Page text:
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Ohio State Commits $50M To Financial Aid, Debt Continues To Grow
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Ohio State University says it will give $50 million more in financial help to students for the next four years to help them pay for college.
School vice president Dolan Evanovich says the scholarships and grants will help diversify and retain students as the cost of a college education keeps rising.
A recent study says the cost of a college education has outpaced inflation for decades and more students are paying those costs with borrowed money. In the U.S., total student loan debt now tops $1 trillion and the average student debt is $25,000
Ohio University sociologist Deborah Thorne describes herself as pessimistic about student loan debt.
“So many people now are burdened with student loan debt that they cannot escape, period. They cannot get out from under this,” Thorne said.
Federal government figures indicate more than 65 percent of college students who graduate with a Bachelor’s degree have some loan debt. Average student loan debt recently topped $25,000. But, Thorne says more college students are much deeper in hock. She adds most students are not being advised about the long-term consequences of taking out large loans.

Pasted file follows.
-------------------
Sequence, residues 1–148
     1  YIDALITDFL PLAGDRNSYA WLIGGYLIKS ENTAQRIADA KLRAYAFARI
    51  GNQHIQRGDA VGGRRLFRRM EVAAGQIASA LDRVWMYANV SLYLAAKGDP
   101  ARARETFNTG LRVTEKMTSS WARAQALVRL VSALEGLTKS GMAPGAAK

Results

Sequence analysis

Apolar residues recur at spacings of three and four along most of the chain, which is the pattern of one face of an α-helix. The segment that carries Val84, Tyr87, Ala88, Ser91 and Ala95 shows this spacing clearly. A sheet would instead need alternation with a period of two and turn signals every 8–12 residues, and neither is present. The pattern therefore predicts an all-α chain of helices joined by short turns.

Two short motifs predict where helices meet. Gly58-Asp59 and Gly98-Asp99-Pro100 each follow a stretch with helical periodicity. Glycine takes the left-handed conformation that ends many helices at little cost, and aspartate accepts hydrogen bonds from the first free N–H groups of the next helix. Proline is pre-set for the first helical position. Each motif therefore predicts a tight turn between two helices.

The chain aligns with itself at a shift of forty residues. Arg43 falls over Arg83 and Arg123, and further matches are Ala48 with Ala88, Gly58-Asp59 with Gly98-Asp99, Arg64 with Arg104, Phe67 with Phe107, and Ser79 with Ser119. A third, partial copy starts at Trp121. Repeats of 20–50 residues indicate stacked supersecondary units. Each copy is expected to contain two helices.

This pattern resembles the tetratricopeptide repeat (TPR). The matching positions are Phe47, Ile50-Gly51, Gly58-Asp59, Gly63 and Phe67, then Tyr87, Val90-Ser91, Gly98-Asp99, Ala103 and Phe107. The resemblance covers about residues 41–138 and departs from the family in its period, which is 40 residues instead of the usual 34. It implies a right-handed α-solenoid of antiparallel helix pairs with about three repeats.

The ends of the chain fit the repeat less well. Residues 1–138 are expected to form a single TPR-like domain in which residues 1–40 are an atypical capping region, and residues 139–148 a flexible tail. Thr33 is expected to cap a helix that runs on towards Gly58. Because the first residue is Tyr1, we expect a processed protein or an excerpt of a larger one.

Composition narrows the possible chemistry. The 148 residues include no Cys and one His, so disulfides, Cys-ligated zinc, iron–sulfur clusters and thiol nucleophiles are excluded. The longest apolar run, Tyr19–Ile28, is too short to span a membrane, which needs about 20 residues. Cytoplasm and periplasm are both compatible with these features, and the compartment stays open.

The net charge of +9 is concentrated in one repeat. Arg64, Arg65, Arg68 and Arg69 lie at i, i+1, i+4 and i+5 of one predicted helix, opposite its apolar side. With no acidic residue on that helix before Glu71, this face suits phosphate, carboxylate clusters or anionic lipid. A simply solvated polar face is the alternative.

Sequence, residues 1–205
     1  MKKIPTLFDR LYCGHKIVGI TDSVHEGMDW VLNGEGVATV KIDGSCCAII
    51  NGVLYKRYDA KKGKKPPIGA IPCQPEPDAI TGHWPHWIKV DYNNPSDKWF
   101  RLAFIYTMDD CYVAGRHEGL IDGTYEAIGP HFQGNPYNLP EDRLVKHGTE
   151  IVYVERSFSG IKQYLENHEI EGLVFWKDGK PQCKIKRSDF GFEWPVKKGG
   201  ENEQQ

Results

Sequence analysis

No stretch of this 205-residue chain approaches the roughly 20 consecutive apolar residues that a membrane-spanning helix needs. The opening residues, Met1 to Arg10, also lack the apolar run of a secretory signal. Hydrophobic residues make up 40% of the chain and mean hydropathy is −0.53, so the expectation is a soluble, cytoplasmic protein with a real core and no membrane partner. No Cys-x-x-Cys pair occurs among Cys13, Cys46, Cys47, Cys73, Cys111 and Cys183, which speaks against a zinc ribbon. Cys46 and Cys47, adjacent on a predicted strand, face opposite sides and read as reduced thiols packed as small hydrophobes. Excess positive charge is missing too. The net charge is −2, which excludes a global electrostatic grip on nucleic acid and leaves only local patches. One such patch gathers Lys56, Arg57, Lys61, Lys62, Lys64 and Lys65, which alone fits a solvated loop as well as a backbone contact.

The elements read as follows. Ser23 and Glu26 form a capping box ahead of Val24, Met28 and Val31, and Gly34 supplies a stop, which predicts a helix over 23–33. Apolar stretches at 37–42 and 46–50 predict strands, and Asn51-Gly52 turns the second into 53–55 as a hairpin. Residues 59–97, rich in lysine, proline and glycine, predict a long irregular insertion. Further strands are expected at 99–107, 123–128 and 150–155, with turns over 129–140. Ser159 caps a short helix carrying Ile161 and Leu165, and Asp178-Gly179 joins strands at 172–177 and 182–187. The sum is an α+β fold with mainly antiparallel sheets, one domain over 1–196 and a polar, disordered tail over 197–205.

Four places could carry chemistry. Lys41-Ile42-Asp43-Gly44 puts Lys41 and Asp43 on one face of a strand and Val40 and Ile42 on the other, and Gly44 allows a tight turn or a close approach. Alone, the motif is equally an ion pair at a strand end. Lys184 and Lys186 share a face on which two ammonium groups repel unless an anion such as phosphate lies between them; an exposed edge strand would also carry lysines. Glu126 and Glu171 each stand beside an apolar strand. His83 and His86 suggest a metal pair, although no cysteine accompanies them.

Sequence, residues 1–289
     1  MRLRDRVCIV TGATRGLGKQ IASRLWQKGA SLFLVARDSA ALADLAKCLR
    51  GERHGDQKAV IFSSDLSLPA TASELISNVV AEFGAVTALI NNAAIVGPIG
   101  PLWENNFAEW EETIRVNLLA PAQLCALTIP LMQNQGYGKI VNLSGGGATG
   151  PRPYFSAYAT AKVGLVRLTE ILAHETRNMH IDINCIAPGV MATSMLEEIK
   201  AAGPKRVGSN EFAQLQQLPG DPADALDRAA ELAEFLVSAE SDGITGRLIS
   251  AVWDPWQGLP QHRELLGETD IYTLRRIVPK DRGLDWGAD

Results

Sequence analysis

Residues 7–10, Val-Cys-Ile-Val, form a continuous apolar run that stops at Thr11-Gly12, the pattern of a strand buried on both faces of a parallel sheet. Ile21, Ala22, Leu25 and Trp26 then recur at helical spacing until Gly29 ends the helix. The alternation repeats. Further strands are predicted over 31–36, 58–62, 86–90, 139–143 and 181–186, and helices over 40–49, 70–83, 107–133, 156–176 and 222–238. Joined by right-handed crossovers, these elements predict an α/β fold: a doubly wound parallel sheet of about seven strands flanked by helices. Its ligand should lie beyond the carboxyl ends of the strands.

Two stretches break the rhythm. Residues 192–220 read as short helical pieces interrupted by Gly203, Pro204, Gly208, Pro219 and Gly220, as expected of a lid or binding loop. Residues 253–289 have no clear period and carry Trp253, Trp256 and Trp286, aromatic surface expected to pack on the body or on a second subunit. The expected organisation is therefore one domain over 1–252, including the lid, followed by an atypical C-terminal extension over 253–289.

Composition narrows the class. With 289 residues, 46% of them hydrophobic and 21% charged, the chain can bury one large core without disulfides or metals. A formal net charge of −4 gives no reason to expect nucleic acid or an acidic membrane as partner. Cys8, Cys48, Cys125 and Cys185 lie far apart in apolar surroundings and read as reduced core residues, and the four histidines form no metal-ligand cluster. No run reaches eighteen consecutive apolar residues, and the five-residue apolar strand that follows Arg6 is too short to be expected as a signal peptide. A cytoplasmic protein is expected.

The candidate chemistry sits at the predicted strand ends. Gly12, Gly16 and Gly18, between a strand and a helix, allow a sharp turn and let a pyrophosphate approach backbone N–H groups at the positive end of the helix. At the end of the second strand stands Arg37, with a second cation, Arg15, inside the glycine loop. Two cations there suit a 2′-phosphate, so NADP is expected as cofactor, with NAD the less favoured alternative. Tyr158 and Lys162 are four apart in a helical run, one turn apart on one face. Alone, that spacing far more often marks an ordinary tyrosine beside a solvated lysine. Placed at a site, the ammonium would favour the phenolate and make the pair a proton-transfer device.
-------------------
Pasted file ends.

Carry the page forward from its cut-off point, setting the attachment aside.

“Think of the mood you would be in if you were the student who was graduating with $80,000 in student loan debt. I know that’s not the average. But, I frequently talk with students who are borrowing $20,000 per year,” Thorne said. They’re getting through school on loans and they’re graduating with $80,000 in student loan debt.”
To pay off a student loan of $80,000 in 10 years with a fixed rate of 6.8 percent, the graduate would have to pay $920 per month. A $25,000 loan can be repaid with the same interest rate with a payment of $288 per month for 10 years.
At Wiiliam and Mary College in Virginia, economist David Feldman also researches student loan debt and its economic and personal effects.
“We are in a world in which the distribution of income in the United State has changed dramatically over the past 30 years. We are less the middle class society that we once were,” Feldman said.
Feldman adds that as the middle class shrinks, and federal and state governments reduce their financial support of higher education, families with college age children are bearing an increased share of the cost. In 1975, Feldman says families paid about a third of the cost of college while now families pay about half of all tuition, room and board.
“So that’s a sea change, that’s a big change that families are now shouldering a much greater fraction of the bill,” Feldman said.
Still, Feldman argues that a college education is well worth the higher cost.
“Its like you’re investing in a lifetime of earnings differential that is, at a minimum, on average, $500,000 or more of extra earnings because you have a college degree,” Feldman said.
But, Thorne is less sure
“Staying in this holding pattern of giving more loans, more loans, more loans to students is dysfunctional. Its really short-sighted,” Thorne said.
The most recent figures show30 percent of outstanding student loans now have past due balances. But, borrowers will remain liable for the debts since student loans cannot be erased through bankruptcy.